On Thu, 20 Mar 2008 13:23:16 +0300, Yossarian <xtauer01 stud.fit.vutbr.cz>  
wrote:

 Hello,
 in D2, when you use types as string, wstring (which are  
 invariant(char)[]),
 there is no autocast from char[] to invariant(char)[] (or  
 const(char)[]), wouldn't
 this 'downcast' be logical?'

 -- Yossarian
 Tato zpráva byla vytvořena převratným poštovním klientem Opery:  
 http://www.opera.com/mail/

There is a difference between const and invariant. Const means that "you shouldn't try to change it" whereas invariant means "this won't change ever". At least, that's how I understand this.
Mar 20 2008
prev sibling next sibling parent "Janice Caron" <caron800 googlemail.com> writes:
On 20/03/2008, Yossarian <xtauer01 stud.fit.vutbr.cz> wrote:
 but string is invariant(char)[]. and that's problem for me, because some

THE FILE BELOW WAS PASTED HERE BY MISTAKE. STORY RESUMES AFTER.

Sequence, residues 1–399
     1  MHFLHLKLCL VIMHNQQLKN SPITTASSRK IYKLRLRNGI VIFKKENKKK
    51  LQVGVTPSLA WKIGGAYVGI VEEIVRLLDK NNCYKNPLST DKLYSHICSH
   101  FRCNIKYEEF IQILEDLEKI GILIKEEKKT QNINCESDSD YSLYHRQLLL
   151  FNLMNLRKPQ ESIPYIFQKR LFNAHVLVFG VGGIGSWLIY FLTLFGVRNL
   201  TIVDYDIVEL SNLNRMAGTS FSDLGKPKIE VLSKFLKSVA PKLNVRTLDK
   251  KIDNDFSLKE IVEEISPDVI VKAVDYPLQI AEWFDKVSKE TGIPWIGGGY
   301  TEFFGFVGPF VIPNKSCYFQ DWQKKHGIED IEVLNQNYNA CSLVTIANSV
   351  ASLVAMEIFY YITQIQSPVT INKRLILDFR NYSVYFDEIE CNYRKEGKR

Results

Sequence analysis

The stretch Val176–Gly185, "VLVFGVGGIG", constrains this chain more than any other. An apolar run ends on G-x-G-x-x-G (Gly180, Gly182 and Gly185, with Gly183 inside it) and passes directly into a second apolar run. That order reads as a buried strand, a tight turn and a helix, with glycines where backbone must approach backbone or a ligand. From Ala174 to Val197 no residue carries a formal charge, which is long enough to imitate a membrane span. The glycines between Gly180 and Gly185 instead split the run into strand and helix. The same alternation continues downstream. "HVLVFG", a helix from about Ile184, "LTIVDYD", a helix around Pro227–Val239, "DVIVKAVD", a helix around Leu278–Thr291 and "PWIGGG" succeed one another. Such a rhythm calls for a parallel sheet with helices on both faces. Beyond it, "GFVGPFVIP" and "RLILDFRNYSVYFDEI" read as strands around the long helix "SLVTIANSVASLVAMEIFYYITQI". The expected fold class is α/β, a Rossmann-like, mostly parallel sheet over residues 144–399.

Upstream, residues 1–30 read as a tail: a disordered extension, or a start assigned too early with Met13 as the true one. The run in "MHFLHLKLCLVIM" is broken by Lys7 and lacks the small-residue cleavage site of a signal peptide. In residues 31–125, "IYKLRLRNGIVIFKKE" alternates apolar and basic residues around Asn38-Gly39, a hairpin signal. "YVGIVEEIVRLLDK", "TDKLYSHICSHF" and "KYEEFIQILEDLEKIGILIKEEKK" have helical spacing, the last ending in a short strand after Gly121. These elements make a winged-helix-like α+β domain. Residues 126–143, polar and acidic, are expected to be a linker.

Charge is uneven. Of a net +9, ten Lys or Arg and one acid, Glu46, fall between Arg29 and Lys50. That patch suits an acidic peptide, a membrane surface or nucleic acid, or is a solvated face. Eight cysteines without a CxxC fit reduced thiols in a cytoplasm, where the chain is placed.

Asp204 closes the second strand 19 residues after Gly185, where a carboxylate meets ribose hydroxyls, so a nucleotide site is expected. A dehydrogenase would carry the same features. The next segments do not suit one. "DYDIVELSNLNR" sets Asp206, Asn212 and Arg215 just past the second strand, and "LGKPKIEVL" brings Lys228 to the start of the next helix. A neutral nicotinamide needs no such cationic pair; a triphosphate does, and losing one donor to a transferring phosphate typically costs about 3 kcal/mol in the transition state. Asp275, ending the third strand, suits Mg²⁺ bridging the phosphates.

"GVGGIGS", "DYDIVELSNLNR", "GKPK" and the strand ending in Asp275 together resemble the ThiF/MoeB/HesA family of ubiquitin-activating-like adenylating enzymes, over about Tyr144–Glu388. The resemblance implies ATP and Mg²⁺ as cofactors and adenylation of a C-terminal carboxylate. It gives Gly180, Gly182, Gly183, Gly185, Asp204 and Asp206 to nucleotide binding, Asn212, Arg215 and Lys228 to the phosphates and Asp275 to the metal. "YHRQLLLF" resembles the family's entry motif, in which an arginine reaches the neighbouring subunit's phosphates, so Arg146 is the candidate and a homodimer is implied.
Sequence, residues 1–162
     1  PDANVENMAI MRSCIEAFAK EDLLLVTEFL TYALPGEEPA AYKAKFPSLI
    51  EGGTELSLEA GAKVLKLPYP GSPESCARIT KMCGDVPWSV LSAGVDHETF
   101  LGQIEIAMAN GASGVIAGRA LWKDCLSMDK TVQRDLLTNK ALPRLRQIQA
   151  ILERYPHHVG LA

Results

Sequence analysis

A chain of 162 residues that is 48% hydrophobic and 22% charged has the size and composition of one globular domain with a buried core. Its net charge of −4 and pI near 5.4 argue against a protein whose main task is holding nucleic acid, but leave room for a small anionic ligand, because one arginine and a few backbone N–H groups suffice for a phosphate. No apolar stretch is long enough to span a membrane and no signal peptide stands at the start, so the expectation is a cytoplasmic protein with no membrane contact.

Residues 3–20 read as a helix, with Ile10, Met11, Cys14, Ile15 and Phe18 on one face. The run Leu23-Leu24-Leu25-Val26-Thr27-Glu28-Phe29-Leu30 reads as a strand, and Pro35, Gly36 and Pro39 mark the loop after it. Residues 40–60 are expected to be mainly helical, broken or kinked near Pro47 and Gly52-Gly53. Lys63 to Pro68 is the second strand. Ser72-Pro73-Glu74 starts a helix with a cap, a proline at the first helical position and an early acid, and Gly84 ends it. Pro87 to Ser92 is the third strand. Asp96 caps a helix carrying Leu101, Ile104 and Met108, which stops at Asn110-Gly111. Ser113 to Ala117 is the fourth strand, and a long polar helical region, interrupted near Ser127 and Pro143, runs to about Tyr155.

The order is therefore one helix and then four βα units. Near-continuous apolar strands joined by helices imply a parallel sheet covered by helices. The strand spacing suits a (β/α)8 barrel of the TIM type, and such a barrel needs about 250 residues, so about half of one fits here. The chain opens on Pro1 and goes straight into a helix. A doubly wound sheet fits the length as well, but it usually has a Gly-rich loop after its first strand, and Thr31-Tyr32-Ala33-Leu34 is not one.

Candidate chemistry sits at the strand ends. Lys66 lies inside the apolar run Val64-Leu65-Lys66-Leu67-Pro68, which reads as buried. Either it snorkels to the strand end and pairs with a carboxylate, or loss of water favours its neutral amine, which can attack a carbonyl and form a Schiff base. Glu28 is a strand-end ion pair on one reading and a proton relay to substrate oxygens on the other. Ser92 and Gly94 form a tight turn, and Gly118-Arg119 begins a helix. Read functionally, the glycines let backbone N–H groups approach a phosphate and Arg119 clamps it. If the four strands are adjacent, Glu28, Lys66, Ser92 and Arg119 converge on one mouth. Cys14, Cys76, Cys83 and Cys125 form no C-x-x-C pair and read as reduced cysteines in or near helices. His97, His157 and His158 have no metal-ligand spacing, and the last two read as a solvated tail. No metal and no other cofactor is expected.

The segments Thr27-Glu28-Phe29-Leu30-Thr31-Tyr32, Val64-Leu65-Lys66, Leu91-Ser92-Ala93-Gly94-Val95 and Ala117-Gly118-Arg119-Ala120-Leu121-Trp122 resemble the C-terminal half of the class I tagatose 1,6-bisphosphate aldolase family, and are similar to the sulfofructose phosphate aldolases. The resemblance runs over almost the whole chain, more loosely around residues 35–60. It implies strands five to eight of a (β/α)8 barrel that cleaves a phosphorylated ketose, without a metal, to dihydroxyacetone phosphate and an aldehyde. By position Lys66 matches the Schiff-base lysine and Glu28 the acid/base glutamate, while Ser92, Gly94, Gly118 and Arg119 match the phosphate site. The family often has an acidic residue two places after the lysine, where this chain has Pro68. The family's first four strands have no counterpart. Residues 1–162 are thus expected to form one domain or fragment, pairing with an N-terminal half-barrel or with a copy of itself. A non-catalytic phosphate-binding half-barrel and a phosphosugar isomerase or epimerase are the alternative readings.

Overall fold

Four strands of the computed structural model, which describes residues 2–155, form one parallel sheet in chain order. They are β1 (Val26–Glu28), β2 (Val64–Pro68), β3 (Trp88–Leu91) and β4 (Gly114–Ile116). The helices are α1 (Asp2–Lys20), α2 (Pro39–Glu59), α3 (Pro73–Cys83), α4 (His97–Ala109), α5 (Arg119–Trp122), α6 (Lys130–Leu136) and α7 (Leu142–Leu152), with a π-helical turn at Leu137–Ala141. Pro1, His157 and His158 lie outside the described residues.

of the standard libraries aren't ready for this.

Specifically, which ones?
Mar 20 2008
prev sibling parent "Janice Caron" <caron800 googlemail.com> writes:
On 20/03/2008, Yossarian <xtauer01 stud.fit.vutbr.cz> wrote:
  >     char[] s = cast(char[]) "hello";

 i think that
  char[] s = "hello" ; // this should compile without explicit cast. imho.

In fact, I just wrote that for illustration purposes. I was trying to imply that s was a char[], pre-initialised with "hello". In real code, you should /never/ do char[] s = cast(char[]) "hello"; so I was guilty of using a really bad example. The reason you should never use it is because casting away invariance is undefined, and in this case, the literal might be in a ROM segment. The correct way to do it should be, as others have pointed out: char[]s = "hello".dup;
    // int[] c = [3, 5]; compiles.

In the future, it probably won't. Don't rely on it.
  string t = s;           // wouldn't it be logical to use not copy-on-write,
but
  initialize new string with old char[]?

Since that line won't compile anyway, the question is moot.
  s[0] = 'j';             // change only s, not t.

No can do. A string is nothing but a struct consisting of { ptr, length }. Element assignment should not cause a heap allocation.
Mar 20 2008